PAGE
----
Can houseplants purify the air in your home?

For example, many of the items we use to clean and freshen our homes, schools, and workplaces emit invisible poisons into the air.

"The smell of fresh is not a smell," explains Anne Hicks, a pediatric lung specialist at the University of Alberta.

"If you can smell it, there's a chemical in the air that's irritating your nose. So all of that is air pollution, whether it smells good or awful," she explains.

"Indoor air pollution is huge, and it's a relatively unknown frontier, because even my next-door neighbour's house has a different air pollution fingerprint than my house would have,"

Dr. Hicks said.Indoor air pollution is extremely complicated, poorly controlled, and frequently beyond individual control. For example, road traffic emits nitrogen dioxide, while moisture and structural concerns in buildings can cause mould.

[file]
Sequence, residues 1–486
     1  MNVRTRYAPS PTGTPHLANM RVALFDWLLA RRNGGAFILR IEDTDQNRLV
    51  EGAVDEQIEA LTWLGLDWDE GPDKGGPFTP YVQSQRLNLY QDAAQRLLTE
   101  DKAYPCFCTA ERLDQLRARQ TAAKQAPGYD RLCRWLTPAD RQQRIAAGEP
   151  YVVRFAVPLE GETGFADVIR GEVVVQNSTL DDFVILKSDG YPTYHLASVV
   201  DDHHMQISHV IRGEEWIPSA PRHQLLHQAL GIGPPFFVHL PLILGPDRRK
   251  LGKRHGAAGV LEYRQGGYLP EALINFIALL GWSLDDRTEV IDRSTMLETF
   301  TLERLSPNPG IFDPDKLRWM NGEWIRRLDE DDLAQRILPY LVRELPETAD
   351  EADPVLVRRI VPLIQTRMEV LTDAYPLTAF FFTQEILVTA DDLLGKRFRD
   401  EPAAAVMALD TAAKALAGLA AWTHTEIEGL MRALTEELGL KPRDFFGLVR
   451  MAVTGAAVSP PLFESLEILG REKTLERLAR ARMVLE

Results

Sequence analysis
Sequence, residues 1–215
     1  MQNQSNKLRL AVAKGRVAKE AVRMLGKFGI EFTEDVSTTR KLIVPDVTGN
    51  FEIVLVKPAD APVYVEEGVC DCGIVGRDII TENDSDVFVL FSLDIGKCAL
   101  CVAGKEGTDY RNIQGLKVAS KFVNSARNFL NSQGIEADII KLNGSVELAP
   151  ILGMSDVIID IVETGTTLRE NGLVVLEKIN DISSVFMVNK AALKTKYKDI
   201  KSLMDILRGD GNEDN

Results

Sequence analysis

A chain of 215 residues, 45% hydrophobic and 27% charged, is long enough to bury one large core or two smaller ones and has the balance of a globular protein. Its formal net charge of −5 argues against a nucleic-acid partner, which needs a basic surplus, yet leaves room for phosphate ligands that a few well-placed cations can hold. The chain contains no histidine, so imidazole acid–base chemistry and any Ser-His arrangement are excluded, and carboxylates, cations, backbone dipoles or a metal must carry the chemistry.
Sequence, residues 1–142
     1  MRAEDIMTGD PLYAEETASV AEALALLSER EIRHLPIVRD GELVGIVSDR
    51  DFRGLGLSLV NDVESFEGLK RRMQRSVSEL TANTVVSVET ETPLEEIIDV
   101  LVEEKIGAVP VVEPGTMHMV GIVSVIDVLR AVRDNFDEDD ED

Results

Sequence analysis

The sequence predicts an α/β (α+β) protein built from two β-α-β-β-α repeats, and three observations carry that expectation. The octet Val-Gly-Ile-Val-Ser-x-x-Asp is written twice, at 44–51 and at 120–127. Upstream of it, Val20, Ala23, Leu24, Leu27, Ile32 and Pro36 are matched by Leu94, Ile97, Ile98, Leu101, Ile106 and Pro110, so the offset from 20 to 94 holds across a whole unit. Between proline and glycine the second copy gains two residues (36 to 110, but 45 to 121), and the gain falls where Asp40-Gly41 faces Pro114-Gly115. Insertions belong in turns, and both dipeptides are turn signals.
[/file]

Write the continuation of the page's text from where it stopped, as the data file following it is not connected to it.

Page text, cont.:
Air purifiers with HEPA filters can help. However, the initial cost, as well as the energy required to operate them, may be prohibitively expensive for certain households.

This is one of the reasons why potted plants are so tempting as passive, low-cost air cleaners. Plant leaves absorb carbon dioxide and other contaminants, which are then employed in plant activities or broken down.

The community of microorganisms and the growing medium (such as soil or compost) are especially essential in this regard, as several studies show that they absorb toxins more effectively than the plant itself.

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